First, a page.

I am considering buying a 3d tv but will only do so if I can burn 3d blu ray rips onto normal dvd blanks. My hope is that these dvds can be played by a blu ray player with the picture still being 3d.
I think it sounds unlikely but if it could be done, it would save a bit of cash having not to fork out a bluray burner and using dvds instead of bluray blanks.
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Thread: 3D video and dvds?
if you convert the blurays to mkv/mp4 in half sbs or ou then they could be fit to a dvdr. the bitrate would be kind of low and quality would suffer. my 3d bluray rips average about 10GB, none would fit on a dvdr but some would fit on a dvdr-dl.
i'd advise getting a 3d bluray player that's dlna certified and playing your rips over your network from a harddrive.--
"a lot of people are better dead" - prisoner KSC2-303
Give up this idea or you will almost certainly be completely disappointed.
Many ripping programs have problems ripping 3D BluRay discs. The only ones that can do it correctly are expensive.
Conversion is very complicated and time consuming and there are always chances that your TV will have problems with them. Plus DVD players do not understand the common 3D BluRay formats, so if you do a conversion and try to play it on a DVD player, there is always a chance that the player will not send the video correctly to the TV. You will really and truly have to also buy a 3D BluRay player to have any chance of your conversions working unless your TV supports playing files via USB, but that has it's own set of problems.
I'm not saying it's impossible, but with 9 posts and 10+ years of membership, my money is on the idea that you don't have the expertise needed to do this or to deal with problems if they come up. I'm not trying to insult you, but you need to understand that more likely that not you're going to have problems if you try it.
I admit I have not really looked into the bluray format as I was perfectly happy with DVD but I could potentially be updating my TV and am in 2 minds whether to go for a 3d one. This is only if I could get hold of 3d films cheaply so was entertaining the idea of burning them onto dvds. I am aware that a 3d bluray player is required(it is the burner that I was thinking of avoiding) but it sounds like 3d bluray ripping is not as easy DVD ripping and it will be hard to avoid using bluray blanks.
1. Want to use DVD (whether SL or DL), and
2. Want 3D
You must be OK:
1. Accepting quality loss
2. Manually switching on your TV's 3D to SbS or T/B
...Then you can do it. I would use DVDFab or 3DBDBuster and convert to SbS or T/B MKV (using h.264 encoding). Then save your file to DVD as a Data disc (not "DVD-Video") and, assuming your BD or DVD player can play MKV files (and if not, do use something that is compatible with your player), it will play it as a 2D SbS (or T/B) video.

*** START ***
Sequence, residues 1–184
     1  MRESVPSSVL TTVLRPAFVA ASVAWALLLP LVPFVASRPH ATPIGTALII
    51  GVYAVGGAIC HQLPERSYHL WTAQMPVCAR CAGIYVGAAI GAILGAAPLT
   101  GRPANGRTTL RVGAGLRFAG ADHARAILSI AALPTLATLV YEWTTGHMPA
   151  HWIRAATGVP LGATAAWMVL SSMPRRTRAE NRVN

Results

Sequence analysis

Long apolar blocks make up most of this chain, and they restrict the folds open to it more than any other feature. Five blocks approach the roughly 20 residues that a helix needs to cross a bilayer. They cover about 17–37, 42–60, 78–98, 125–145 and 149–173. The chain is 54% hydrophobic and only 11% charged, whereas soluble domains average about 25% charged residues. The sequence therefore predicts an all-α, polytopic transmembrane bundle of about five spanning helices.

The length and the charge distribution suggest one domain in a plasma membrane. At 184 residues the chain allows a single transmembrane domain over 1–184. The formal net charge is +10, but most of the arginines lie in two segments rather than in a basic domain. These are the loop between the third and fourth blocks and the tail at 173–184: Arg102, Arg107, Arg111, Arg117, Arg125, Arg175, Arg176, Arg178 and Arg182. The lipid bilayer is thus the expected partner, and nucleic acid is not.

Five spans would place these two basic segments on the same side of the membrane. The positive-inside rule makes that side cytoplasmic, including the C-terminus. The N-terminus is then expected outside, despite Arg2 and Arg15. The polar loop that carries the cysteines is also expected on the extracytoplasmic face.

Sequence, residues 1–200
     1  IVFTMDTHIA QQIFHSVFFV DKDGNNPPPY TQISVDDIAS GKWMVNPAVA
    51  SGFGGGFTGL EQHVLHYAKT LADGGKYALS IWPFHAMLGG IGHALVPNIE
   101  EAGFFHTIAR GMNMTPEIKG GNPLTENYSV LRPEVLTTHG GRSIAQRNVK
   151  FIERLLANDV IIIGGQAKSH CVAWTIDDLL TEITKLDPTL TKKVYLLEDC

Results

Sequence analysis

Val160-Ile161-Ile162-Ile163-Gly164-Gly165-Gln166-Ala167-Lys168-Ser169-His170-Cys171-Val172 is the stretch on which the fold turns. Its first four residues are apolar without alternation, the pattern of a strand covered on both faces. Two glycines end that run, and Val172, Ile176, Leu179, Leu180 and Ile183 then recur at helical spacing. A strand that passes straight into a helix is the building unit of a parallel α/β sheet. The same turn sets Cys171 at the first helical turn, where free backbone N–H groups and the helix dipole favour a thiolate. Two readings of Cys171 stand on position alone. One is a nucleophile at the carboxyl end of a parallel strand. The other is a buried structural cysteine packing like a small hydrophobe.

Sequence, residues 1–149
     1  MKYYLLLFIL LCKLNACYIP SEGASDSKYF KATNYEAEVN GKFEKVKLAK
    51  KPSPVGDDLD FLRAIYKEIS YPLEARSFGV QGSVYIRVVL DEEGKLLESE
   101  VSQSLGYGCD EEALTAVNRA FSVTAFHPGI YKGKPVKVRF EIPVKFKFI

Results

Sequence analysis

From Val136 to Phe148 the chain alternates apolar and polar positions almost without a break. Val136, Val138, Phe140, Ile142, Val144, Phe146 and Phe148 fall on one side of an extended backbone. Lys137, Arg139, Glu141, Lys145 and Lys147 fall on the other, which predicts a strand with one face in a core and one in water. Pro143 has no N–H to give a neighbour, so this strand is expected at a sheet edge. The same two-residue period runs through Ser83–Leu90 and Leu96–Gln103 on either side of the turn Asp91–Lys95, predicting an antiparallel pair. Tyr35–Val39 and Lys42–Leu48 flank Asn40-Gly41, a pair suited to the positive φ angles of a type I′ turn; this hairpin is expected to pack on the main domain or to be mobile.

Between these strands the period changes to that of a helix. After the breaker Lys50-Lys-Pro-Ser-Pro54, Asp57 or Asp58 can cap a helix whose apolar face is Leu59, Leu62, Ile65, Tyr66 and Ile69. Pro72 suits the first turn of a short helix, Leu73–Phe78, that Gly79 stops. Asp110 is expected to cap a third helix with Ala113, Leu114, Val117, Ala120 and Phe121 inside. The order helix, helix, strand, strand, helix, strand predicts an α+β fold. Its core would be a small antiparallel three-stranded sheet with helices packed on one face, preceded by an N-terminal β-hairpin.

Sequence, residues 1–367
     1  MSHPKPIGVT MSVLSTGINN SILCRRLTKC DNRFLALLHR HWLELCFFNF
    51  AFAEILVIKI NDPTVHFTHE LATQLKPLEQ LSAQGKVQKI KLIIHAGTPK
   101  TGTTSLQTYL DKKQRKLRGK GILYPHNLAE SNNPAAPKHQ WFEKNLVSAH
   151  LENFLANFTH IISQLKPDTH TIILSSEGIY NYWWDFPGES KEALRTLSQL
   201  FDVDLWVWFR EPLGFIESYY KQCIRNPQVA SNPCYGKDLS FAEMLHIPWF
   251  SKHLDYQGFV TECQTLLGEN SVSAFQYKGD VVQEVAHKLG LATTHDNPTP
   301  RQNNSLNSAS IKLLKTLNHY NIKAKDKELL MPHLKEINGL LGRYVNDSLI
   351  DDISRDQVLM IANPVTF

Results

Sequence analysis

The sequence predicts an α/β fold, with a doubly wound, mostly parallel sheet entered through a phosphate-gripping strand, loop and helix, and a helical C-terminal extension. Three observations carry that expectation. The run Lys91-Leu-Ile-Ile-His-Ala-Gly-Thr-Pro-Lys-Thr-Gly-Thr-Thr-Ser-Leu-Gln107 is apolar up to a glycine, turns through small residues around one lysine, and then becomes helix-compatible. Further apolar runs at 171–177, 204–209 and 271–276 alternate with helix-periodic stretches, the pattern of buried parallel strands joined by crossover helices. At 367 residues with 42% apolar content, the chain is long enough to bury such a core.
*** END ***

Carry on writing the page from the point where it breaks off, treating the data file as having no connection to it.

Then you turn on the 3D on your TV, setting the choice for whatever layout you chose, and you should be good.
Quality will be not so good. You will have lost:
1. Going from Full Rez to 1/2 rez (either SbS or T/B)
2. Going from ~>40MB size to either 4.3MB or 7.8MB size, and correspondingly loss of bitrate & quality
You can alleviate your bitrate losses' re-compression artifacts by lowering the rez from HD to SD, but that will also lose "Depth Resolution" as well. That's what happens with those compromises if you intend to skimp on your formats.
<edit>You can EASILY get a BD player with 3D for little more than the cost of getting a regular BD player. And you can get 3DBDs for $19.99USD (maybe even $14.99) if you get them during specials. I now have ~14 3DBDs, in addition to my ~50 2D BDs and ~400 DVDs. Not a major investment beyond what I was doing.
3DBD ripping is NOT as easy as either 2D BD ripping or DVD ripping. Depends on how often your intend to watch them...
You need to rethink this. Let's start with the misapprehensions:
1) Currently many (most?) mid tier and better TVs are 3D capable anyway. So if you're determined to exclude any 3D TVs from consideration if your plan is unfeasible, you'll be excluding a lot of possibilities.
2) You can't just backup and re-encode 3D to BD25 in the way you're probably thinking. The only reasonably easy and reliable way to back one up is ISO read, ISO write to double-layer blank (BD50). And BD50s are pricey.
3) As already mentioned, you *can* re-encode to T/B or SBS, which cuts resolution in half. Or more precisely, uses the 1080 resolution to include both right and left views. And you want to cut resolution even more severely by going down to DVD-Video resolution? Honestly, that's not going to look good at all. I have a fair number of O/U and SBS captures in 1080i that look...okay, but not nearly as good as full 3D Blu-Ray.
4) Again, as mentioned, 3D BD standalones are not much more expensive than 2D only players.